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This test consists of 5 short answer questions, 10 short essay questions, and 1 (of 3) essay topics.
Short Answer Questions
1. What does Augustine basically end up doing to the role of personal freedom?
2. How do many of the serfs and peasants receive rights?
3. What is the role of Jesus?
4. What is sin considered to be?
5. In what do plebeians have more faith?
Short Essay Questions
1. Two questions arise from Paul's theology. What are we saved from? To whom or what are we enslaved? What are the answers?
2. What struggles do the Romans face regarding the development of the concept of freedom?
3. What is freedom at this time?
4. How have women's lives begun to change?
5. Where are Paul's large conversion rates located?
6. Rome extends its power and rule to the Italian peninsula through a series of wars and conquests in 266 B.C. What are the consequences?
7. Why does the populace accept Augustus?
8. What is Paul's role in shaping Christianity?
9. In trying to define the relationship between church and state, four interpretations are proposed by Patterson. What are these interpretations?
10. What has happened to society by the medieval times?
Write an essay for ONE of the following topics:
Essay Topic 1
The overwhelming concern of the Roman population is with personal freedom.
Part 1) Compare Roman concerns about freedom with the Greek concerns.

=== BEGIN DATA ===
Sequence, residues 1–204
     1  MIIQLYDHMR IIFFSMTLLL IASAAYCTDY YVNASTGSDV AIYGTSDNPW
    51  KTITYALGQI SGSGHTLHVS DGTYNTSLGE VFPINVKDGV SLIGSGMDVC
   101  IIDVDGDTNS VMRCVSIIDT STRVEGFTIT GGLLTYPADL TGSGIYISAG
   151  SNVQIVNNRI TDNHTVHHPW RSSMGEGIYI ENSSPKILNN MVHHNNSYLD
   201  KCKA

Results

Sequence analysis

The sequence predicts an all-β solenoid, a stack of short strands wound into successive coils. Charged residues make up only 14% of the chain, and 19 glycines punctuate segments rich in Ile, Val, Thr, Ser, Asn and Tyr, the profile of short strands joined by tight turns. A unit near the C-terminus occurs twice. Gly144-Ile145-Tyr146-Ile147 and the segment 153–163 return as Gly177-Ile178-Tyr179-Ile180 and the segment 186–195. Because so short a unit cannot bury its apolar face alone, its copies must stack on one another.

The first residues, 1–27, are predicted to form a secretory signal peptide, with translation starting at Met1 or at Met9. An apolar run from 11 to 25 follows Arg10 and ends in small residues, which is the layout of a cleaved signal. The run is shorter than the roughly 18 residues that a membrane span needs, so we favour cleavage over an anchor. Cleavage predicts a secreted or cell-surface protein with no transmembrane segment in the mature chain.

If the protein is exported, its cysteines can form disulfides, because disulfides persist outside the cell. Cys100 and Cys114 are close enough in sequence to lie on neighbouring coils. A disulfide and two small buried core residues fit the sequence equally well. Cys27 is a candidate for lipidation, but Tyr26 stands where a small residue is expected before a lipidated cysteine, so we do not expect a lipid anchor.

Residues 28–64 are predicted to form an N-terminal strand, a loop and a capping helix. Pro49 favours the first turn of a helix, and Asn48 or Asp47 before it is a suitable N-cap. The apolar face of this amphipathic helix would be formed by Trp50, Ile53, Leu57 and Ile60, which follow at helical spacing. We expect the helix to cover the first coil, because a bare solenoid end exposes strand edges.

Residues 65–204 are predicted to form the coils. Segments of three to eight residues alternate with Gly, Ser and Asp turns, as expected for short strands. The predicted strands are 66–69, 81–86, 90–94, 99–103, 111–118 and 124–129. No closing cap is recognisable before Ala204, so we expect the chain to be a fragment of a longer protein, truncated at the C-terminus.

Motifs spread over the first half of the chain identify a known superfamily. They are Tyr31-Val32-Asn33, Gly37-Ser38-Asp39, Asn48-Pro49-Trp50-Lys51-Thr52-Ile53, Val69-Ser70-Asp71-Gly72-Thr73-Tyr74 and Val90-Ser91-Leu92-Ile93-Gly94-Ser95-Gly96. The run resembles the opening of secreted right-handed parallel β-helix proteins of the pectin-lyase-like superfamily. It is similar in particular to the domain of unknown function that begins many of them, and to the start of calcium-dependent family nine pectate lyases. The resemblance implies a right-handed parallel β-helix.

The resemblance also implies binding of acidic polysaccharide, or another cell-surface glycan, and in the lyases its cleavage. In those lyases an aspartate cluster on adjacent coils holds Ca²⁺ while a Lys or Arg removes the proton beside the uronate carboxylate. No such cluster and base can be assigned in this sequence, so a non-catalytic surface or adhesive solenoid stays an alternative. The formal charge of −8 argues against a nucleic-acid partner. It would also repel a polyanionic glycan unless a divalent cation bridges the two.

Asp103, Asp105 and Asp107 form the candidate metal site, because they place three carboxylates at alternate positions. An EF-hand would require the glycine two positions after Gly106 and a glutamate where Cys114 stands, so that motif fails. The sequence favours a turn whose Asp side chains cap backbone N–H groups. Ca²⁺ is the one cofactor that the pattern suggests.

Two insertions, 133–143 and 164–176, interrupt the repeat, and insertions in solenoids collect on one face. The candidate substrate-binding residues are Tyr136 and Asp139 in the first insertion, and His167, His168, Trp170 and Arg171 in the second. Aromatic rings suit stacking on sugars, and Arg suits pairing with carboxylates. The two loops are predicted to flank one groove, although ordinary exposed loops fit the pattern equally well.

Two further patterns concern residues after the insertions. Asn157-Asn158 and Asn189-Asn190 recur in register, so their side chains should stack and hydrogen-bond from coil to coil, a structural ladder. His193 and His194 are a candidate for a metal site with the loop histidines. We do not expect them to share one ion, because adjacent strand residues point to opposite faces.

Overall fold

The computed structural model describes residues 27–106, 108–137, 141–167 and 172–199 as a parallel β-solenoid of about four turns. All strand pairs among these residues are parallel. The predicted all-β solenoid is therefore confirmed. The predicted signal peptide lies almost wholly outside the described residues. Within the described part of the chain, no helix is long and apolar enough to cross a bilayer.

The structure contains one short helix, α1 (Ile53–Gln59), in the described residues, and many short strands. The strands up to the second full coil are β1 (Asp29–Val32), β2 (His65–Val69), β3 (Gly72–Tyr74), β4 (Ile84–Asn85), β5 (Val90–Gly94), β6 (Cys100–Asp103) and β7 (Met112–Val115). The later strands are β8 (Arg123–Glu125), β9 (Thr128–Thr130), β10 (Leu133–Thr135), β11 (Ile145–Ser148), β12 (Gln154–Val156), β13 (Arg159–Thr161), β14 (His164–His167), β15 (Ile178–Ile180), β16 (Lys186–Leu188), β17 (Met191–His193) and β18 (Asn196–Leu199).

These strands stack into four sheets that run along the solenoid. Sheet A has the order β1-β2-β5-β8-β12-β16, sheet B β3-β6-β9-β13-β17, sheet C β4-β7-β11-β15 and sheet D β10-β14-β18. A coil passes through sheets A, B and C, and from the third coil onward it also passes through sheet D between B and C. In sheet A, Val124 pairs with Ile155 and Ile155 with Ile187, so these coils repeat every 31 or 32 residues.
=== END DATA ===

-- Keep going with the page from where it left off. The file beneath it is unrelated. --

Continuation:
Part 2) Why is this the Roman population's greatest concern? How does Augustus play into these concerns?
Part 3) How is the United States a conglomeration of both Greek and Roman views on freedom? Why are we a mixture of both?
Essay Topic 2
The introduction of foreign slavery enhances the native attributes of the freedman.
Part 1) When and where was foreign slavery introduced? Why was it introduced?
Part 2) How does it affect the meaning of freedom and who was free?
Part 3) How is this idea of nativity relating to a freedman reflected in societies today in various social classes?
Essay Topic 3
Patterson uses Greek tragedy to support several points.
Part 1) What is a Greek tragedy? How does he use this to support several points?
Part 2) How does this metaphor enhance the book for the reader?
Part 3) Must the reader understand Greek tragedies to understand the author's use of them? Explain.
This section contains 1,421 words
(approx. 5 pages at 300 words per page)